The Portable Camera Unit (PCU) was originally designed and constructed for use at UNC Hospital’s Burn Center. The objective was to create a mobile camera platform which could be wheeled into patient rooms and extended over the patient’s bed, to record live surgeries. Initially the PCU only held two PTZ cameras and a PC for data storage. An extensive amount of modifications were performed on the PCU in order to retrofit it for service in the HPS lab. Currently, the PCU continues to serve as a mobile camera platform, but has an added ability to act as a 2D teleconferencing system. The flat panel monitor at the base displays the camera view of the remote physician, while the audio is transferred via the central mounted microphone and is played through the speakers mounted at the base.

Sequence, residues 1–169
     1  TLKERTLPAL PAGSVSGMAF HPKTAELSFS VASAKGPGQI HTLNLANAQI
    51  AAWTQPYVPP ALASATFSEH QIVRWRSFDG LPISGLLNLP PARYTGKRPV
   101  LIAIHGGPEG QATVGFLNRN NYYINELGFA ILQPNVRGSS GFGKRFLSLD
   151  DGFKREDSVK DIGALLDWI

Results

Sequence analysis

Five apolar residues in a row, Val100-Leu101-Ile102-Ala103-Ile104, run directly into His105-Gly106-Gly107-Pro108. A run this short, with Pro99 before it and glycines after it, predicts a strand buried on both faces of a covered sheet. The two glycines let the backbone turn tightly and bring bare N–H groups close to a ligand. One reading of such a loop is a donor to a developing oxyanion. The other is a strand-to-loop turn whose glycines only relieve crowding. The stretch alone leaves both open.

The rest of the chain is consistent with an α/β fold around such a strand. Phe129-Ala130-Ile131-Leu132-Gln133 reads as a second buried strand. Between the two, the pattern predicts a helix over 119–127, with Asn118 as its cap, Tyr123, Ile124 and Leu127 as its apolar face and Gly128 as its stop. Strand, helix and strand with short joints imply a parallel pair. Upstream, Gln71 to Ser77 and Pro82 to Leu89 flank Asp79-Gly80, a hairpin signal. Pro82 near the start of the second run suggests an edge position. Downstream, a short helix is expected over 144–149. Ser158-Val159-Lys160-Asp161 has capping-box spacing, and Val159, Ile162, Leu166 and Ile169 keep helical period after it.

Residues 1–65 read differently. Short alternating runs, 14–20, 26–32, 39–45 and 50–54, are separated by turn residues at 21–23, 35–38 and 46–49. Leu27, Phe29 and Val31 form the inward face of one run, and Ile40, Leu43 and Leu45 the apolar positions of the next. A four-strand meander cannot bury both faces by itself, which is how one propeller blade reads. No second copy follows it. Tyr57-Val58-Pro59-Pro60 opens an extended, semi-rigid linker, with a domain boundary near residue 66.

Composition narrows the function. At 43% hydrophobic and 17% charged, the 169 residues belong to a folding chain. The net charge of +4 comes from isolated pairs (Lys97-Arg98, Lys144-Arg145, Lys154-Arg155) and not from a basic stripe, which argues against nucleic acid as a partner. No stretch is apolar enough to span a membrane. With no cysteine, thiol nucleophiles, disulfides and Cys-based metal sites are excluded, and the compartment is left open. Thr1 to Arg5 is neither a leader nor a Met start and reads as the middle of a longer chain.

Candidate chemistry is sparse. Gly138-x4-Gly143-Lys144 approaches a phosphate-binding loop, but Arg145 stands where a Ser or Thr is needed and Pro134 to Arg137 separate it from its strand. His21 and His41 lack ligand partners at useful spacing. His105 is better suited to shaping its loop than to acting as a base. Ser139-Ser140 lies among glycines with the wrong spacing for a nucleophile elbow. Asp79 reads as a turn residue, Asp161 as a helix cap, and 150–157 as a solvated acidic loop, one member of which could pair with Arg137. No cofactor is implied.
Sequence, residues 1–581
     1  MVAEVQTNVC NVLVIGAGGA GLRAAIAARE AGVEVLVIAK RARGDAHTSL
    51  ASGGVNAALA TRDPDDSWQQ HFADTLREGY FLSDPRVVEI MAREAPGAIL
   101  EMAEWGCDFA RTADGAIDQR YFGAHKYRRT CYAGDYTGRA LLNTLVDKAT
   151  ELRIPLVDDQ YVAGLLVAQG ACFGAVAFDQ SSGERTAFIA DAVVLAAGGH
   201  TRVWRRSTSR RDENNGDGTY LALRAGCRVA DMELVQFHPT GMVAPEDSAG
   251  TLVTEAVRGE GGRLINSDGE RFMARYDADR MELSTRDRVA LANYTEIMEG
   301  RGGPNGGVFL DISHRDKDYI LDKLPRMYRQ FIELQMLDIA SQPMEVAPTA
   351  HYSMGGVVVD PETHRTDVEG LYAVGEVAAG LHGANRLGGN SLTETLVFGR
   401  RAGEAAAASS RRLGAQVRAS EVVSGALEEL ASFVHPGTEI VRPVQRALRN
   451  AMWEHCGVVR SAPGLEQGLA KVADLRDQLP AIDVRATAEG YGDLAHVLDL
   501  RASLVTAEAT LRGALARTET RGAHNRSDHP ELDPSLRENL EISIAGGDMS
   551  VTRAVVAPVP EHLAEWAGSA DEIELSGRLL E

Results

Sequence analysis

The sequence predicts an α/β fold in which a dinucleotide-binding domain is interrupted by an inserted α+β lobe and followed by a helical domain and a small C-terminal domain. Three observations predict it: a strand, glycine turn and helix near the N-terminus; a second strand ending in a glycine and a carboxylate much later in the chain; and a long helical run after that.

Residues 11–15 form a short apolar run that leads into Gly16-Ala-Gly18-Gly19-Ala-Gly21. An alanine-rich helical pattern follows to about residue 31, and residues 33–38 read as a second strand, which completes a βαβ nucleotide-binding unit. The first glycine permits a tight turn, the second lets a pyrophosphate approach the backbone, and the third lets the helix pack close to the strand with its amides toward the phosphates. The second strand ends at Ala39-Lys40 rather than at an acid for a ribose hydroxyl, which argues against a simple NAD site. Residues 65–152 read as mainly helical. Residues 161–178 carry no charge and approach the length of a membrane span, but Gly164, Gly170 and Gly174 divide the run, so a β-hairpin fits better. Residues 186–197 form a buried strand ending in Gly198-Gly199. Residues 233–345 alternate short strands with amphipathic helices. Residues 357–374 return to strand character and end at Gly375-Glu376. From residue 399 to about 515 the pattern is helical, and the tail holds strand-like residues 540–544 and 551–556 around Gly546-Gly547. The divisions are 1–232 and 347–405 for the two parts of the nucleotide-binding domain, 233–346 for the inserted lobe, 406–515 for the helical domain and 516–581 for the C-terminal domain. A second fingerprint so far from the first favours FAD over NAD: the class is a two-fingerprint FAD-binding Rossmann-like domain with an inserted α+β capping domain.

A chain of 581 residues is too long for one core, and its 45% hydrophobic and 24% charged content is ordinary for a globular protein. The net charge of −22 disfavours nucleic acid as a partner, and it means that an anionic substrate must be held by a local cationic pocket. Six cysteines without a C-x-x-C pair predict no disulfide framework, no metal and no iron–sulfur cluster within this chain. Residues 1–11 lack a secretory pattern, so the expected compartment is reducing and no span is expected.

Remote Monitoring Station:

The Remote Monitoring Station (RMS) was designed to accomplish two related tasks. The first was to provide a 2D teleconferencing system that was superior to current systems and the second to record audio and video during each session. The RMS utilizes high-end consumer grade video cameras which are linked directly to the monitors via an S-video connection. This arrangement not only provides improved resolution, but also eliminates the lag associated with sending images over the network, as would be present using current 2D teleconferencing equipment. The audio is also sent directly from microphone to speakers to achieve a clean, lag free signal. To cover the recording tasks, the RMS has three DVD recorders. These record video streams from a quad split and two PTZ cameras. The audio is sent to the DVD recorders from the mixer and then is looped through the DVD recorders.